Thursday, May 10, 2018

`The Real Evil Is the Muddle'

“The Russian novelists of the nineteenth century owe everything to their response to the man or woman sitting alone in his room, to the isolation, inertia, the off-beat in the human character.”

In their weird solitude, Oblomov and Stepan Trofimovich are recognizably modern characters long before Modernism. Goncharov, Dostoevsky and the other Russians, in their divergent ways, were prescient about human character. They chronicled our boredom and our solitary natures, so when I was young and first reconnoitering literature I took to “The Russians” as though they were a trusted brand name. I sensed in them a lifelike image of us, something I never experienced when reading Hemingway or Dos Passos. They worked at a deeper level and made most other writers seem inadequate. How peculiar that we could find familiar a time and place so foreign.

The passage at the top is from “The Hypocrite” (The Living Novel, 1946), V.S. Pritchett’s essay on Mikhail Saltykov-Shchedrin’s novel The Golovlyov Family (1876). Pritchett devoted two books -- The Gentle Barbarian: the Life and Work of Turgenev (1977) and Chekhov: A Spirit Set Free (1988) – and twenty-six essays in his Complete Collected Essays (1991) to Russian writers. Since his death in 1997, we can acknowledge that he was the finest critic and among the finest essayists and short story writers of his age. His novel Mr. Beluncle (1951) is a joy.    

Pritchett focuses on Saltykov-Shchedrin’s main character, Porfiry Vladimirovich Golovlyov, known as Iudushka. He sees more than satire at work:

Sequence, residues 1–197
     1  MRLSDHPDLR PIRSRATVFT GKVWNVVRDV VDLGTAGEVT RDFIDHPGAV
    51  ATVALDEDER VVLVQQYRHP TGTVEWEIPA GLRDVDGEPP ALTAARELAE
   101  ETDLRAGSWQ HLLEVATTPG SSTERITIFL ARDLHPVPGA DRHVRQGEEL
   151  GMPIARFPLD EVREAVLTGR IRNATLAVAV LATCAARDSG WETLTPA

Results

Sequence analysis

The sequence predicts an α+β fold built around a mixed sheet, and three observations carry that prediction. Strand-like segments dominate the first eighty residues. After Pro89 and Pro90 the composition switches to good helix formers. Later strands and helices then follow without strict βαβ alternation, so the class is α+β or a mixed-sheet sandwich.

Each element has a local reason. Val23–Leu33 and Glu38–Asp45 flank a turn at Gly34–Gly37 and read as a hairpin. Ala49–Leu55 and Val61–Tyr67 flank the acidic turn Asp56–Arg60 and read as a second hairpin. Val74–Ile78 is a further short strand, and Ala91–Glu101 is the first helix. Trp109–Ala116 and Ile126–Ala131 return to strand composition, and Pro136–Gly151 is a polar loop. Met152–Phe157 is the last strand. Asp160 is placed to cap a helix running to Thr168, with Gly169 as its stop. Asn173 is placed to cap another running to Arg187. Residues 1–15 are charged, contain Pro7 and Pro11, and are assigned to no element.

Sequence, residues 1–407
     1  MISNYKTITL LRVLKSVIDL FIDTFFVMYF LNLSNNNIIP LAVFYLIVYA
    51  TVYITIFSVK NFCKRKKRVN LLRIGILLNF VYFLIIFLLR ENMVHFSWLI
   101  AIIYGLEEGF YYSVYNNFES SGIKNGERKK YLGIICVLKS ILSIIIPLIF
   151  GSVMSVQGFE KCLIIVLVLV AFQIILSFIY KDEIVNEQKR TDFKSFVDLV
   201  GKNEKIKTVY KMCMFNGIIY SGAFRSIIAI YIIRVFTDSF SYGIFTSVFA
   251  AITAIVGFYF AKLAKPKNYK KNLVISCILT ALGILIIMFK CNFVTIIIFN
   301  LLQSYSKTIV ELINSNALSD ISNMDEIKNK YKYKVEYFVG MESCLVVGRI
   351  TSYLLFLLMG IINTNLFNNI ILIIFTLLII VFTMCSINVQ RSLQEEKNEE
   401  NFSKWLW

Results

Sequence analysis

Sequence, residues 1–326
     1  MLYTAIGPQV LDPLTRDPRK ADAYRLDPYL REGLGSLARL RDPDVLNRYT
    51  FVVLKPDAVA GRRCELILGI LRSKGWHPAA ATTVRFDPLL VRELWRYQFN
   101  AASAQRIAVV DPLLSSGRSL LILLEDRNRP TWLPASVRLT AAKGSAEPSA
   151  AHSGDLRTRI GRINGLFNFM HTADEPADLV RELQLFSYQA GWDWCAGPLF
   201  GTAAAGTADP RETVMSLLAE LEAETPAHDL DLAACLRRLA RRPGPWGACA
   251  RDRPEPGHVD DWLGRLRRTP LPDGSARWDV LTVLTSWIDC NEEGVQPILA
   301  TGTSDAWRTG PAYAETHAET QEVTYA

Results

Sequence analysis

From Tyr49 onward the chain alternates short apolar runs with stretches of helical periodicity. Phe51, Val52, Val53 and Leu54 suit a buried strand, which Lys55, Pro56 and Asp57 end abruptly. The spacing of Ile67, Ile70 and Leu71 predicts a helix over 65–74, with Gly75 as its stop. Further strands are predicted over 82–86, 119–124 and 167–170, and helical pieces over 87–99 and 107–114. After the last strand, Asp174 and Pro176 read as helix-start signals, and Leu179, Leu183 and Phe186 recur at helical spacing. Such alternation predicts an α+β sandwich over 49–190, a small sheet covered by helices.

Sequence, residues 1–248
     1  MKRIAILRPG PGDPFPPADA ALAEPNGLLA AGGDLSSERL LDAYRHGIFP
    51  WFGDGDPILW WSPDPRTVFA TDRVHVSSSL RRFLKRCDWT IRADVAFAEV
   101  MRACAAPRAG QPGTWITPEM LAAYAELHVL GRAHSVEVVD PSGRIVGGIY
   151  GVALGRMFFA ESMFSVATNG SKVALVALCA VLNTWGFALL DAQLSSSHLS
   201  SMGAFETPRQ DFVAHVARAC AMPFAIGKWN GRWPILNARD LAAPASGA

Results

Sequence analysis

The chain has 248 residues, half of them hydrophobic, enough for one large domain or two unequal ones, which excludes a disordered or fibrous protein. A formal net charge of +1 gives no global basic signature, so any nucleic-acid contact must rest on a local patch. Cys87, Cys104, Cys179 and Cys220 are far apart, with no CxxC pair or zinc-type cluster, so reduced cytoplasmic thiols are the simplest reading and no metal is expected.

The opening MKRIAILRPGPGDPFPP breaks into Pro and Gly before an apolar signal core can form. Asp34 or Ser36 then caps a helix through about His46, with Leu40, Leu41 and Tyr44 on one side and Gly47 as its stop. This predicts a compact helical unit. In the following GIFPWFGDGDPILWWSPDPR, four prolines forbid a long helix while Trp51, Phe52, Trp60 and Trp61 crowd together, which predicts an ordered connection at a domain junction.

“We can laugh (Shchedrin seems to say) at the obvious hypocrisies of Iudushka and, like his neighbours, we can grin at his eye-rolling, his genuflexions and his slimy whimsicalities; but there is something more serious. The real evil is the moral stagnation in Iudushka’s character. The real evil is the muddle, the tangle of evasions, words, intrigues by which he instinctively seeks to dodge reality. We forgive the sins; what eludes forgiveness is the fact that his nature has gone bad; so that he himself does not know the difference between good and evil. He is a ghastly example of self-preservation at any price.”

Perhaps there is something uniquely Russian about such a character, something too culturally exclusive to be fully understood by Western readers. But I don’t think so. Iudushka is a Russian model based on a familiar human template. We all recognize the type, in particular among politicians, but look further, at our families, co-workers, neighbors and in the mirror. Iudushka is an old acquaintance, which accounts for the sense of familiarity we experience when reading about Iudushka. Pritchett isn’t content to leave him pigeonholed as a cartoon:

“And the strange thing is that we begin to pity him at this point. He feels an agony and we wince with him. We share with him the agony of being driven back step by step against the wall and being brought face to face with an intolerable fact.”

Pritchett makes The Golovlyov Family (trans. Natalie Duddington) inviting to read again. He denies, as some critics have alleged, that it is “the gloomiest of Russian novels.” Rather, it is “powerful. It communicates power. It places an enormous experience in our hands.” He might be describing the experience of reading Sister Carrie. Saltykov-Shchedrin is “not looking for quick moral returns,” Pritchett tells us. “He is powerful because he is severe.” The best critics make us impatient to read the book they have just finished reading.

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